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FIGURE 2. Placement of Dingman mouth gag at beginning of case. The tongue is retracted down; compression of the tongue gives the glossal tissue an engorged strawberry color. Aziz and Ziccardi. Glossal Edema Primary Palatoplasty. J Oral Maxillofac Surg 2009.

oropharynx by retracting the cheeks laterally, stabilizing the anterior maxillary alveolus, and retracting the tongue inferiorly under the endotracheal tube. Retraction of the tongue is achieved by a tongue blade with a groove centered to fit the endotracheal tube. This blade pushes inferiorly on the tongue and tongue base. Too much compression can cause pressure necrosis of the glossal tissue and impede lymphatic and venous outflow from the tongue, resulting in significant glossal edema and potential airway obstruction.3 In addition, the classic Rose positioning of the head when repairing a palate by placing the patient supine with the neck extended and head slightly off the operating table further reduces venous and lymphatic drainage.6 The glossal edema that develops is often swift in onset—within 2 hours postoperatively—and can cause airway obstruction. Edema of the glossal musculature causes the tongue to protrude superiorly and anteriorly out of the mouth.4 Prevention of glossal edema from palatoplasty requires minimizing the compression of the tongue while allowing for visualization of the surgical field. This scenario may be

GLOSSAL EDEMA PRIMARY PALATOPLASTY

difficult to achieve during palate repair, given the nature of the surgery. A reasonable compromise may be to release the Dingman mouth gag hourly for 5 to 10 minutes during palatoplasty to allow for decompression and lymphatic drainage of the tongue. In addition, at the end of the surgery, before extubation but after removal of the Dingman mouth gag, inspection of the tongue to evaluate for areas of edema or necrosis is warranted. If the tongue seems edematous, the extubation should be postponed for 2 to 3 hours to determine whether glossal edema will occur. If glossal edema does occur, the patient should be kept intubated in a monitored setting and administered intravenous steroids until the edema resolves. Only when the edema resolves and an air leak is noted around the endotracheal tube should extubation be considered. Reintubation in a patient with glossal edema after cleft palate repair can be extremely challenging and may traumatize the palate repair. Glossal edema is a rare and potentially life-threatening complication of palatoplasty. It is thought to result from compression of the tongue from the Dingman mouth gag. To prevent this, releasing the Dingman mouth gag during surgery will allow for decompression of the tongue. In addition, before extubation, if there is a concern of glossal edema developing, the patient should be kept intubated until the edema has resolved and a safe extubation can be obtained.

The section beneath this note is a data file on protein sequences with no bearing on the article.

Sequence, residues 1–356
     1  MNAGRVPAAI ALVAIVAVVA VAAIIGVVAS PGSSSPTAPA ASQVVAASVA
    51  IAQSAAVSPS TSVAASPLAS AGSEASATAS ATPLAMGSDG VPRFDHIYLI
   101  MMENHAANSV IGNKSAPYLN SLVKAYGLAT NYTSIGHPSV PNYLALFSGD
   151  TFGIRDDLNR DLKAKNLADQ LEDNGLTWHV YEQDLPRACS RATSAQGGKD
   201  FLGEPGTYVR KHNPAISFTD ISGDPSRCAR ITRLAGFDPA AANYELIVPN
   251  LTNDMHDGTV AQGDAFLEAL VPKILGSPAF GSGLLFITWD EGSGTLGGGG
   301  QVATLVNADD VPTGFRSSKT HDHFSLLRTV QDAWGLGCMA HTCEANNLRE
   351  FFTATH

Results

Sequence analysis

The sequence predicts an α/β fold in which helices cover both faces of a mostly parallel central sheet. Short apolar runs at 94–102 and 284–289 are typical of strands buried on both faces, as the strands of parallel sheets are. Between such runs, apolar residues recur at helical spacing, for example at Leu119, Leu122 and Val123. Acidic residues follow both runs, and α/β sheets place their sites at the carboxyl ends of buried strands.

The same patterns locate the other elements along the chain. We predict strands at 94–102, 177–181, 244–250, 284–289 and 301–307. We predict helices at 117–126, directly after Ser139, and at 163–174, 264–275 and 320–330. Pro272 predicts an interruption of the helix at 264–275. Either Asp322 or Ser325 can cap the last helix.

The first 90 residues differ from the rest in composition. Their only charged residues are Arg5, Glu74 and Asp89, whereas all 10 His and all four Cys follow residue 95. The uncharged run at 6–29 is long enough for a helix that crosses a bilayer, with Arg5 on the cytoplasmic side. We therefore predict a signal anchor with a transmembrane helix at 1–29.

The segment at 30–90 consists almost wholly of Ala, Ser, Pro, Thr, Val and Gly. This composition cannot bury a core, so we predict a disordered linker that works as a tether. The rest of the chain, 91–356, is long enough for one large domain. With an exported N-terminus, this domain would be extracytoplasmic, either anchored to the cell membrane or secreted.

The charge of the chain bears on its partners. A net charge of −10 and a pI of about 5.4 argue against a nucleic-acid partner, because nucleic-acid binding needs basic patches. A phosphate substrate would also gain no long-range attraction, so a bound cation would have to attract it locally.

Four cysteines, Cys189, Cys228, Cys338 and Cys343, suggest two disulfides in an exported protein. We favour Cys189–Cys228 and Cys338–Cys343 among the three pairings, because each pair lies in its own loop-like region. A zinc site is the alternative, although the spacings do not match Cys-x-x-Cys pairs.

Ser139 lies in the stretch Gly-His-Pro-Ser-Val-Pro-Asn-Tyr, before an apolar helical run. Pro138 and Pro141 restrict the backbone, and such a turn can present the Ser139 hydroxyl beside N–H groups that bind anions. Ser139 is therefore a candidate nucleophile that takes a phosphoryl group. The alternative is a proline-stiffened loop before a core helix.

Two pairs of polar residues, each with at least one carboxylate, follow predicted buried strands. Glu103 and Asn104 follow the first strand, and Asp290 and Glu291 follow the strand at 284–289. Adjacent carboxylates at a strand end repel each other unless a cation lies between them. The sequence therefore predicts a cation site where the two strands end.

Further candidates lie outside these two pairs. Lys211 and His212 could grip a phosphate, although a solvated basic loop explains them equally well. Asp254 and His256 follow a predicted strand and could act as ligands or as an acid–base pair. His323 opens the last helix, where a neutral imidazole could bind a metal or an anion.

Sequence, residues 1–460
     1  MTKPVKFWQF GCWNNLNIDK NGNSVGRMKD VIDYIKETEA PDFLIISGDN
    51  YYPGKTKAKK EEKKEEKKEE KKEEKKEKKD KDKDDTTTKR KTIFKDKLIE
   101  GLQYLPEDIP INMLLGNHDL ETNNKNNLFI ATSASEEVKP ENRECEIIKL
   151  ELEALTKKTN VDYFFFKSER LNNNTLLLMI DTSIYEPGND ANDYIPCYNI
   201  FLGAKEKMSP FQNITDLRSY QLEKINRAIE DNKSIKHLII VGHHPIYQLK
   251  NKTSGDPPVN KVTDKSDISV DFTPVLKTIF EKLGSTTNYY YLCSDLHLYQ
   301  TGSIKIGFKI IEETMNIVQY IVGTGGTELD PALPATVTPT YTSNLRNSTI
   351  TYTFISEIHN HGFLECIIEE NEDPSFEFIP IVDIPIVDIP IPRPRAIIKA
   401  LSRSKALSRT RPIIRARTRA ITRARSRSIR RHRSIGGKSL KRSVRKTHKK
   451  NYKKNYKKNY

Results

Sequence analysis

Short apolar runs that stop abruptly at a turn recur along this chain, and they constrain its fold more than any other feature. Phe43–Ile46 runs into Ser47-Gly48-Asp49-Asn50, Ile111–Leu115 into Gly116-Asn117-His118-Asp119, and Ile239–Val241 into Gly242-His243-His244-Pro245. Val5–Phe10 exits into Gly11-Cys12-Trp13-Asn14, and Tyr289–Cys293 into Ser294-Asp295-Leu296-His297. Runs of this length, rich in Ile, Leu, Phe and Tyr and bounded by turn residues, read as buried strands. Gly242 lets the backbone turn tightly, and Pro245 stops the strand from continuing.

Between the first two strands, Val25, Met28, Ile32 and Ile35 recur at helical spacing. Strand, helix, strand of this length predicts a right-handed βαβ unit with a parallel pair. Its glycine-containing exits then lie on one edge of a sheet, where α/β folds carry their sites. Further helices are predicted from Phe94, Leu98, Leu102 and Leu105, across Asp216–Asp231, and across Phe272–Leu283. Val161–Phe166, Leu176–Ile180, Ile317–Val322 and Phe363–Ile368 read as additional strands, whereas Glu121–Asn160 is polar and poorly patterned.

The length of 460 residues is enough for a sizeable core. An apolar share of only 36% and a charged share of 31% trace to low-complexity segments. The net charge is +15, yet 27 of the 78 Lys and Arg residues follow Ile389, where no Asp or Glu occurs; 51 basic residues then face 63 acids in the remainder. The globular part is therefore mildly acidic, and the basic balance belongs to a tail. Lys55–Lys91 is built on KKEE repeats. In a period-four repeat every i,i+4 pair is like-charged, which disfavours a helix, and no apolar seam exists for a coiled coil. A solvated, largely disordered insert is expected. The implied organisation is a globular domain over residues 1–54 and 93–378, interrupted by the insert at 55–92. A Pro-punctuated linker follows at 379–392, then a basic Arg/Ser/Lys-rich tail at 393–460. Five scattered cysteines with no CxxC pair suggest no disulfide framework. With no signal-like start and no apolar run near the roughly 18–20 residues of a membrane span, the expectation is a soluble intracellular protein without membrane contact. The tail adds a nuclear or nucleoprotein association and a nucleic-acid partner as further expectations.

References 1. Gupta R, Chabra B, Mahajan R, et al: Macroglossia following palatoplasty causing upper airway obstruction: Case report. J Oral Maxillofac Surg 59:940, 2001 2. Lee J, Kingston H: Airway obstruction due to massive lingual oedema following cleft palate surgery. Can Anaesth Soc J 32:265, 1985 3. Bell C, Oh TH, Loeffler JR: Massive macroglossia and airway obstruction after cleft palate repair. Anesth Analg 67:71, 1988 4. Antony A, Sloan GM: Airway obstruction following palatoplasty: Analysis of 247 consecutive operations. Cleft Palate Craniofac J 39:145, 2002 5. Bardach J. Two flap palatoplasty: Bardach’s technique. Oper Tech Plast Reconstr Surg 2:211, 1995 6. Greene A, Kreuter M, Mulliken J: Professor Edmund Rose: His position in surgery. Plast Reconstr Surg 111:383, 2003